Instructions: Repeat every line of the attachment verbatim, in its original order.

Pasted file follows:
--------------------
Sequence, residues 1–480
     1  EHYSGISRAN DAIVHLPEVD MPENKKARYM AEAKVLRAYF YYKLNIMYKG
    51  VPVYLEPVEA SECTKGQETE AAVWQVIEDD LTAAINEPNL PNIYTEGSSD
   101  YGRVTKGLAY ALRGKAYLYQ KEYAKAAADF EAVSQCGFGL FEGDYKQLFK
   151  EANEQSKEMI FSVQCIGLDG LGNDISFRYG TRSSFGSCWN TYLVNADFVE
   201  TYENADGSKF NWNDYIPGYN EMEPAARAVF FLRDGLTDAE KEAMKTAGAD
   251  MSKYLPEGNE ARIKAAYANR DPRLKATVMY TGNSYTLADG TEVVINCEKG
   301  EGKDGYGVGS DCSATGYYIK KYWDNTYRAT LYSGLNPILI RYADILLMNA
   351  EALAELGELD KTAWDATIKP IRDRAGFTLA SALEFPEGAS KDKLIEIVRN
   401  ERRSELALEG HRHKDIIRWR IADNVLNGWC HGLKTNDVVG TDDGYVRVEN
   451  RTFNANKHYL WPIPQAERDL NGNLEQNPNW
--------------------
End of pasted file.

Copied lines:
Sequence, residues 1–480
     1  EHYSGISRAN DAIVHLPEVD MPENKKARYM AEAKVLRAYF YYKLNIMYKG
    51  VPVYLEPVEA SECTKGQETE AAVWQVIEDD LTAAINEPNL PNIYTEGSSD
   101  YGRVTKGLAY ALRGKAYLYQ KEYAKAAADF EAVSQCGFGL FEGDYKQLFK
   151  EANEQSKEMI FSVQCIGLDG LGNDISFRYG TRSSFGSCWN TYLVNADFVE
   201  TYENADGSKF NWNDYIPGYN EMEPAARAVF FLRDGLTDAE KEAMKTAGAD
   251  MSKYLPEGNE ARIKAAYANR DPRLKATVMY TGNSYTLADG TEVVINCEKG
   301  EGKDGYGVGS DCSATGYYIK KYWDNTYRAT LYSGLNPILI RYADILLMNA
   351  EALAELGELD KTAWDATIKP IRDRAGFTLA SALEFPEGAS KDKLIEIVRN
   401  ERRSELALEG HRHKDIIRWR IADNVLNGWC HGLKTNDVVG TDDGYVRVEN
   451  RTFNANKHYL WPIPQAERDL NGNLEQNPNW